• 5 5
 @RBalicious: You are pretty much saying that nothing natural to wilderness area should be allowed in a wilderness area. You are the one that has a dense brain.
  • 6 5
 @HB208: you really do not understand the difference between non native and natural. I suggest reading a book some time.
  • 2 4
 @RBalicious: Ok, but you just said that horses shouldn't be allowed because they are non-native to North America... so what exactly is your point bud?
  • 2 6
flag RBalicious (Apr 14, 2021 at 10:47) (Below Threshold)
 @HB208: read, and learn the difference between the two. It is the lack of understanding of what wilderness is, what it means, why it was established, and why bicycles, motorized, mechanical and man made devices have been kept out of them.
  • 4 2
If you’ve spent any time working with land/wildlife conservation you’d already know that above all, the one thing that actually helps is money, getting money into the hands of the right people. This is why the US sells $50000 hunting tags for endangered animals to pay for programs that help them repopulate, it works. If you really wanted the most effective way to save the land, you’d make an attraction of any kind and have as many profits as possible going into the hands of people who can actually do what you want to do. One guy refusing to bike isn’t gonna do a god damn thing. But 1000 people over a summer biking and maybe donating to an organization or buying from a shop that supports that organization, the people making decisions, those are the ones that will actually make a difference.
That being said I’m staying out of the wilderness argument, because it’s wilderness, it’s a preserve, it’s meant to be completely undeveloped, I get it. But if you’re allowed to camp there you should 100% be allowed to bike there
  • 3 3
 @HB208: Here is a link on where to learn some more about it. If so inclined.
  • 3 4
 @fewnofrwgijn: and due to the explosion of usage, as will as lack of education and understanding. Many of the wilderness areas are having limited entry restrictions researched and implemented. Take a look at the Three Sisters Wilderness. Charging small ($1 a day/ $3 a night) for funding. Expect to see more of that due to damage by over use. Add mountain bikes to the mix, might as well just abolish wilderness designation and protection. Just develop it all, eh?
  • 6 5
 @RBalicious: Why don't you read your own link:

"Camping, backpacking, hiking, fishing, hunting, mountaineering, backcountry-skiing, wildlife-watching, and other outdoor pursuits, of course, can also take place in the "front-country." But for many recreationists, the special qualities of wilderness areas--the solitude, quiet, wild ambience, and the opportunity to step back in time and engage in age-old human adventures—makes them the preeminent venues for these activities. Depending on the sort of hunting, angling, or camping a visitor wishes to pursue, as John Hendee and Chad Dawson note in Wilderness Management, these forms of outdoor recreation can even be considered "wilderness-dependent." "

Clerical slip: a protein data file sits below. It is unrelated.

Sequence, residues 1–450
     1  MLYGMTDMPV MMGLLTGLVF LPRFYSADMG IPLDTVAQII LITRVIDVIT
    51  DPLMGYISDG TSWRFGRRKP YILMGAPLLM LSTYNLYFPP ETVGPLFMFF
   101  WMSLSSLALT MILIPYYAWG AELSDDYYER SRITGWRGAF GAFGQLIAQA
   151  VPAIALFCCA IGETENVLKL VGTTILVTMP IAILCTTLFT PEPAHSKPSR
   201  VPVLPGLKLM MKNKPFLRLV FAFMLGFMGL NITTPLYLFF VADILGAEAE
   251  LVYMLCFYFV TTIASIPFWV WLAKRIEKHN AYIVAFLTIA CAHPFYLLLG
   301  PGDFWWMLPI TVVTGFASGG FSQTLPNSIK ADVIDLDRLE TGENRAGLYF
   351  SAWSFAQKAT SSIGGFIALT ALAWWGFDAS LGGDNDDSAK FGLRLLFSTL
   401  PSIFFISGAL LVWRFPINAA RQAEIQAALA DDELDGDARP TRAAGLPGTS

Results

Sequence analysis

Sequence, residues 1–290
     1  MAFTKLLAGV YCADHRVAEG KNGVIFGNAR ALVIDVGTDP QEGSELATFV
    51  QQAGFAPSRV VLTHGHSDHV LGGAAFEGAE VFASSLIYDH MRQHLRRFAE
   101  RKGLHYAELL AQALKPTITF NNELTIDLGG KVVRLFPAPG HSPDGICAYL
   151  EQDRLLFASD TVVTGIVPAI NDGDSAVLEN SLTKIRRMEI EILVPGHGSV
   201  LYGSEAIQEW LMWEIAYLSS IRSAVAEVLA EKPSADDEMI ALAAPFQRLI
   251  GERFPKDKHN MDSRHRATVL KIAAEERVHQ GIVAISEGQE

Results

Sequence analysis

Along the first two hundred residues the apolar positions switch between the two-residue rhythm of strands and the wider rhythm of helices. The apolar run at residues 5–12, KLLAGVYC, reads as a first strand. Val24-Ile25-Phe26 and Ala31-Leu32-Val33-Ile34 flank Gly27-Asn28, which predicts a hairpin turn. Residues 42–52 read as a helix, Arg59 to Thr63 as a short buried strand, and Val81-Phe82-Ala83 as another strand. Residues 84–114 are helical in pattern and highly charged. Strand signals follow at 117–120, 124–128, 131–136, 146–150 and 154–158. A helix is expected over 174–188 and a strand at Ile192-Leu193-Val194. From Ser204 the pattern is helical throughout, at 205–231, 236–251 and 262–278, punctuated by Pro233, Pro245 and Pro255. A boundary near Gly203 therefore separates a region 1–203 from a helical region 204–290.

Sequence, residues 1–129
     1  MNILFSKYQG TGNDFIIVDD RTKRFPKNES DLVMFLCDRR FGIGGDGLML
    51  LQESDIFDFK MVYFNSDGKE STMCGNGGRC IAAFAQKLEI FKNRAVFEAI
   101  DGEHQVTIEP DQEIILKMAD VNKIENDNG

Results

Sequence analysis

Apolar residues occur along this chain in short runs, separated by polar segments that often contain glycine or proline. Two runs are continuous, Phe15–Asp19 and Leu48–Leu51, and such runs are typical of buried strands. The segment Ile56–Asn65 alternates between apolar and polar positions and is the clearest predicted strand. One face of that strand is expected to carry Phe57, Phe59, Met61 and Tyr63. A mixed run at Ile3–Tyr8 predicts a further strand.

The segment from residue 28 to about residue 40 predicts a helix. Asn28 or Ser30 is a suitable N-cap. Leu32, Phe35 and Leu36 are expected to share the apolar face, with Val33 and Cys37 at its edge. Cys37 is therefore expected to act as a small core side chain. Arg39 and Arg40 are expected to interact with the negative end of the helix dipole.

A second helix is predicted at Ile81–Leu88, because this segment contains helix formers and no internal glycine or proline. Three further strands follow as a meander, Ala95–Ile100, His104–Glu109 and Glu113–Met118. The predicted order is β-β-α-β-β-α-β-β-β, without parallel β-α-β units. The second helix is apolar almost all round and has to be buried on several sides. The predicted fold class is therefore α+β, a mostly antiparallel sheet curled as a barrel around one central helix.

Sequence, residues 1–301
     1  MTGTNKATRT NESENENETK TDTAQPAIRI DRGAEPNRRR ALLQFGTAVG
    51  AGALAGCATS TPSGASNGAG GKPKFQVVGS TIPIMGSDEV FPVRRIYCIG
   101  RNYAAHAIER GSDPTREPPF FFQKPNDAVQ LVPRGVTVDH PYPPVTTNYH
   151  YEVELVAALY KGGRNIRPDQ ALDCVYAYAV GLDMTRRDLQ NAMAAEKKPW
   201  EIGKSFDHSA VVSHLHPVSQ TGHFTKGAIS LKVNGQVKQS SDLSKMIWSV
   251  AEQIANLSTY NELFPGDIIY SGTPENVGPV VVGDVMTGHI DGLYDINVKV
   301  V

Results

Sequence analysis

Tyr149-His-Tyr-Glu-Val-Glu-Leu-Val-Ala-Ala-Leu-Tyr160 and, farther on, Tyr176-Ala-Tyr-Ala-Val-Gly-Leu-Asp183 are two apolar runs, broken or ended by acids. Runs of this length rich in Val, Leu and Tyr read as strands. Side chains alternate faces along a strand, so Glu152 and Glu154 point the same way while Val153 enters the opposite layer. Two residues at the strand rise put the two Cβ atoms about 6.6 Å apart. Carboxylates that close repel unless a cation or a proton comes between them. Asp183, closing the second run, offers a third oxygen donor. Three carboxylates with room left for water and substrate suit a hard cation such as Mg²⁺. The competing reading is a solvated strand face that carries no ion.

So basically, every other human powered form of outdoor recreation is cool except for mountain biking? The wilderness laws were written before mountain biking was even a thing. It seems reasonable that limited mountain biking can exist in wilderness areas if other types of recreation are permitted. The fact that they are grouped with ATVs and other motorized vehicles is absurd.
  • 3 1
There’s a point where it’s not even a question of recreation, not everybody is scouring the wilderness looking for spots to build ramps and 10ft trenches to dig out, many people just want to ride through the forest, just like people who want to walk through a forest. I get heavy recreational traffic can lead to development but you can’t realistically exclude the “roamers” on bikes while still allowing people to actually enter, hike, or hunt the wilderness.
Like yeah it’s a wilderness preserve, but it’s not some locked down no-go zone of america, it’s still publicly accessible
  • 6 6
 @HB208: so, when you say every other form of transport, you mean nothing that requires: gears, chains, mechanical items that require oils/fluids as well as tire sealant? Your argument keeps getting better... Once you open it to bicycles, then it's ebikes, motos, etc. It's the flood gate effect "bud".
  • 8 0
I mean come on, how many times have you identified a splash of lube on the trail vs how many times you’ve seen a bullet casing?
Yeah nobody should litter in the wilderness preserve, that’s messed up, but biking doesn’t come with any more risk of litter than any of those other activities, especially hunting and fishing which are pretty much guaranteed to leave waste of some kind
  • 4 1
 @RBalicious: @RBalicious: It's pretty reasonable to say that human powdered devices are ok but anything with a electronic or gas powered motor is not.
  • 6 2
 @RBalicious: next time you’re interested in persuading a group to believe your perspective, I wouldn’t lead with an ad hominem attack. I’m sure you’re a reasonable person, but so are these people you’re debating.
  • 7 0
 @RBalicious: Reasonable people can disagree on this, how staunch you are being is interesting. I have worked for decades in the public sector, much of which deals with public lands. I can tell you from my experience, in our valley, on one side, bikes would change the character negatively, and I'd like to see it stay as the type of wilderness it is now. On the other side, it would effect virtually nothing to open it up to bikes. That is why a more localized approach in this argument is imho better.